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Striking pilots face life ban: CAAC
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On March 31, 14 flights of China Eastern Airlines Yunnan Branch turned back to Kunming without landing at their destinations. Passengers were told it was due to poor weather conditions.

However, the weather did not affect flights from other airlines to the same destinations.

The real reason was a strike by disgruntled pilots, according to the April 2 Guangzhou Daily.

China's airline industry has been hit by a number of pilot protests in the last few weeks. On March 14, 40 Shanghai Airlines pilots took sick leave. On March 28, eleven pilots from Wuhan's East Star Airline requested sick leave.

An April 1 emergency meeting of the Civil Aviation Administration of China (CAAC) blamed the strikes on a lack of qualified pilots and poor consultation procedures. CAAC said pilots who took strike action on March 31 would be severely punished, and strike leaders may face a lifetime employment ban.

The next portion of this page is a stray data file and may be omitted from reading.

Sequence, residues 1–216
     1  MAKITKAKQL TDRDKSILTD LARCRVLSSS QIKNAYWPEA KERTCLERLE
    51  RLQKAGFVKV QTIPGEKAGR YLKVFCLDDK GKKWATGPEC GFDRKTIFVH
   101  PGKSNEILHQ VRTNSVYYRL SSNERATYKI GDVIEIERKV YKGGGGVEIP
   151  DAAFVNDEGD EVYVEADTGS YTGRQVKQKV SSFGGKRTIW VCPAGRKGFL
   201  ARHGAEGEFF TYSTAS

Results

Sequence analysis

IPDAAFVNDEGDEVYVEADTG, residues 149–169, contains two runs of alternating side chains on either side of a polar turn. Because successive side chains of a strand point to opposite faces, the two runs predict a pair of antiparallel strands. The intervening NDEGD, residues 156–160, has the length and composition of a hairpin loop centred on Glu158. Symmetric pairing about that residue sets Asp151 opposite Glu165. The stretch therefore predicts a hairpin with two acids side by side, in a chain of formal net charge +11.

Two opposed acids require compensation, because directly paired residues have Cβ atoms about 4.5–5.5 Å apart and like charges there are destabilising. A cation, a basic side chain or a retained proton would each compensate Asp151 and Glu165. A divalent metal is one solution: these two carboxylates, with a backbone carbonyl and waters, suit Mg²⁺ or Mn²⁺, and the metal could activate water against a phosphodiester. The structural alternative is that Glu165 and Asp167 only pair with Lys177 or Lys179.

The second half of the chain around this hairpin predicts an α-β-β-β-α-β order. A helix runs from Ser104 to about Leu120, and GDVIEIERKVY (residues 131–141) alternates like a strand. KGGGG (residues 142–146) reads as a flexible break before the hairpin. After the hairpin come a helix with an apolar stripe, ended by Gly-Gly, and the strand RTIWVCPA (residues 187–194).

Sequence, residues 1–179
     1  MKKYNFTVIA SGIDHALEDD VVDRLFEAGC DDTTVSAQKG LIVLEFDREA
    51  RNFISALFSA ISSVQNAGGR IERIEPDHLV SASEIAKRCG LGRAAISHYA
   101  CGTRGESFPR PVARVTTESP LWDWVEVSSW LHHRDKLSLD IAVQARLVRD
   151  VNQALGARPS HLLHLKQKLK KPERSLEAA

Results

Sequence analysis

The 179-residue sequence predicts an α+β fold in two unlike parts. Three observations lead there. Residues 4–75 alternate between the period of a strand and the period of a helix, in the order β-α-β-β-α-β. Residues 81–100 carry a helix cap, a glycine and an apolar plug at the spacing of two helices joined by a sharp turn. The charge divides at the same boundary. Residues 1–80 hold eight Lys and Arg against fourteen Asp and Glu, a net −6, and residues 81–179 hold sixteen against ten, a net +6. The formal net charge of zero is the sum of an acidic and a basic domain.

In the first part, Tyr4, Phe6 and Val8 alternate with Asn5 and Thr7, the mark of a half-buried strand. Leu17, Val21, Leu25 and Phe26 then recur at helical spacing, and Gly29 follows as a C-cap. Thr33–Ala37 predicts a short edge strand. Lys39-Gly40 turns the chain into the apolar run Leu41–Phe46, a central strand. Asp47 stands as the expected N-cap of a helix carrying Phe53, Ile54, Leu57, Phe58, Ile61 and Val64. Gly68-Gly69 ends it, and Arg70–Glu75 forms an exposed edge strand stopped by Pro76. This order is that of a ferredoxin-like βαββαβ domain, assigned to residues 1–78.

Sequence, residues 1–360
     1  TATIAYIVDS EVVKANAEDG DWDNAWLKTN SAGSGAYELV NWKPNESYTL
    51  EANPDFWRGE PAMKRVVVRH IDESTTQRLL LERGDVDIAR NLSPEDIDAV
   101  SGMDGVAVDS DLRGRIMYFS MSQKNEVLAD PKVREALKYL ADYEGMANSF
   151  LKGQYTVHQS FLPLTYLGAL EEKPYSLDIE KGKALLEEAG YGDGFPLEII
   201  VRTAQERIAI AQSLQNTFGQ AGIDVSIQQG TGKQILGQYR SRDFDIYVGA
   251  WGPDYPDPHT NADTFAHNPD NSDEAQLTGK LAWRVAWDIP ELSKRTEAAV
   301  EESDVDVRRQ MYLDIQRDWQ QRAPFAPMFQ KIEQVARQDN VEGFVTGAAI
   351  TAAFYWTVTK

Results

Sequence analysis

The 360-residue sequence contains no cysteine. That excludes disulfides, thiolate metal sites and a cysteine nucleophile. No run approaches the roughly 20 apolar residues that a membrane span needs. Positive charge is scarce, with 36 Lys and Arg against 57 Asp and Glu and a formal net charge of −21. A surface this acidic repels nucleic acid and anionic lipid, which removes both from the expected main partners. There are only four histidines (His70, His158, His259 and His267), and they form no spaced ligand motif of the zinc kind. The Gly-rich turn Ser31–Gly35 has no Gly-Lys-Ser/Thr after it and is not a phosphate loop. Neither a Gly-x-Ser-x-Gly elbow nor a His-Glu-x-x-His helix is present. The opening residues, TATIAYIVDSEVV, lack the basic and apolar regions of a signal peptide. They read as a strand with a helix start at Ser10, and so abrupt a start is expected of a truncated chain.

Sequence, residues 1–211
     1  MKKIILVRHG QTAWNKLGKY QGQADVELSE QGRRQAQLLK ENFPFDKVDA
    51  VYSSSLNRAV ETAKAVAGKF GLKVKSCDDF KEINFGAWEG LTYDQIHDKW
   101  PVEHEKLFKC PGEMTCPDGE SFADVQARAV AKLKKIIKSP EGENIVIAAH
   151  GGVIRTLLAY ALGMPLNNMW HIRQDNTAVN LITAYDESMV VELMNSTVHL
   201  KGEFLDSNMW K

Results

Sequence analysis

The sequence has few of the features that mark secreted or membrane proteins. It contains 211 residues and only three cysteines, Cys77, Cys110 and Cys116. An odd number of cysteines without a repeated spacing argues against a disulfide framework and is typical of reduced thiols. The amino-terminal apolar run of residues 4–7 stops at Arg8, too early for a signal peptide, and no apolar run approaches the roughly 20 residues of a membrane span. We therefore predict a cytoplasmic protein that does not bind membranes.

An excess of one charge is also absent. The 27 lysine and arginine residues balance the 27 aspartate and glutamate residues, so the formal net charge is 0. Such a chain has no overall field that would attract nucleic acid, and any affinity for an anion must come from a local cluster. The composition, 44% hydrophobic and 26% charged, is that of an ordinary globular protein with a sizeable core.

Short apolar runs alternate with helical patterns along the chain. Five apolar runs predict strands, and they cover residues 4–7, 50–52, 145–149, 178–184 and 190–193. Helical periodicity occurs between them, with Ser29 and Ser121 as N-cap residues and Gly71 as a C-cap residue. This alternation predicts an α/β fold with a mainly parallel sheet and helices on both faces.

In 2004, when China's first private airline, Okay Airways, was founded, China had about 10,000 pilots flying 700 airplanes. Private capital has since poured into the industry. By 2010, China expects to have 1,250 domestic commercial jets, which will require at least 6,500 more pilots.

Domestic aviation schools train only 600 to 800 pilots each year, so private companies have frequently been forced to headhunt for more pilots.

Pilots in state-owned companies have been forced to sign 99-year contracts with their employers. If they quit, they must pay compensation ranging from 700,000 to 2.1 million yuan.

Some angry pilots from these companies choose to leave and have filed a series of lawsuits against the airways over the past two years, but so far the suits have been either ignored or thrown out of court.

"The only option left for us is to go on strike," said a pilot for China Eastern Airlines who would not give his name.

Experts advocate more training schools and hiring foreign pilots to solve the problem.

(China.org.cn, CRI April 2, 2008)

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